3 Reminders to Live with Intention and Urgency

Why the finite resource of time should urge you to start living now

Photo by Aron Visuals on Unsplash

When was the last time you planned to do something important, but pushed it off because you were tired, lacking motivation, or lazy? How often do you push off important personal tasks with the rationale that there’s always tomorrow, there’s plenty of time, and that it’s not a big deal to push it off?

I am definitely no exception to this behaviour. I would postpone my workouts because I’d be tired after a long day of work. I would push off working on my side project (including this post) because I’d be emotionally drained and unmotivated. Even worse, I would convince myself that I can plan my future another day because I would rather catch a Netflix show and have a beer on my couch.

As bleak as it sounds, our time here is temporary and finite

We often lose sight of the fact that every second that passes is a second we can’t get back. We tend to forget that the time we spend living our lives is finite and uncertain.

As someone who constantly falls into the habit of putting things off to the next day, I’ve listed out three simple, obvious facts of life to serve as reminders to myself of the importance of living with a sense of urgency, and making efforts to make every moment matter in my walk of life. Hopefully this can also help you reflect where and how your time is being spent in your day-to-day, and assess whether it is helping you carry out an intentional, purposeful life.

Reminder 1: We have less time than we think

As we work through our 9 to 5 jobs, going through our routines and errands, it’s easy to lose track of the fact that we are gradually growing older as every day, week, month passes by.

This is a fundamental fact of life, but how often does this reality catch our attention? When was the last time we stopped to think about the finite duration of our time on Earth, that we won’t be 20-something or 30-something forever, and that time will always tick forward whether we like it or not?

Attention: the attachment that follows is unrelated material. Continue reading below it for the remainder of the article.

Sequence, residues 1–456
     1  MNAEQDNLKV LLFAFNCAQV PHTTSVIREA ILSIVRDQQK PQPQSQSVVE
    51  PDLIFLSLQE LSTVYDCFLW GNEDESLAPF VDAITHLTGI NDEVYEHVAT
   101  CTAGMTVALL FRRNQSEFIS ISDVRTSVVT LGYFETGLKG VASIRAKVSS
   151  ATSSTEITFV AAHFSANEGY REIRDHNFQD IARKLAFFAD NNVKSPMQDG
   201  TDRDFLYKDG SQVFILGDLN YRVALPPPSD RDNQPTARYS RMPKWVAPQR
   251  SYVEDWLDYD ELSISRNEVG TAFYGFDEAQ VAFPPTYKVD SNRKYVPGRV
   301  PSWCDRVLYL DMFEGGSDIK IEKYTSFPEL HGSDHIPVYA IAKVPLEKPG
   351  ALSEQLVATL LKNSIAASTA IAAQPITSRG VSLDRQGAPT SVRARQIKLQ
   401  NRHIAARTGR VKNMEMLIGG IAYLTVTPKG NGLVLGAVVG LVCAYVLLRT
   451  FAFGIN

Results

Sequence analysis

With a 9 to 5 job, it’s easy to push off personal priorities to the next day, week, month, or even year. We pour our physical and mental energy at work, and we want to be able to kick back, relax, and take the foot off the gas pedal for the rest of the evening.

I am no exception to this, and continue to fall to this habit today. Because I am tired, mentally drained, and stressed after a day of work, I would say to myself “There’s plenty of time to work on my side project / learn a new skill / plan for my future. I can afford to relax today and figure this out another day.”

But how much time do we actually have?

If we do the math, in a regular 9 to 5 career schedule, we only really have 4 hours everyday at the very most truly to ourselves (counting for 8 hours of sleep, 1 hour eating each meal, and 1 hour average total commute). For those that work longer hours, or have longer commutes, that time is shortened to 2, even 1 hour each day. This paints a picture of the scarcity and finiteness of time we truly have to ourselves and our goals, development, and purpose.

How do we spend those 2 to 4 hours everyday?

Are we being intentional with this time by doing things that further the development of our personal growth, pursuing our passions, exploring opportunities and creating adventures? Or are we sitting back, watching Netflix, scrolling through social media, being with people that don’t bring joy, or mindlessly doing things that we don’t understand the meaning behind?

Reminder 2: Tomorrow is not a certainty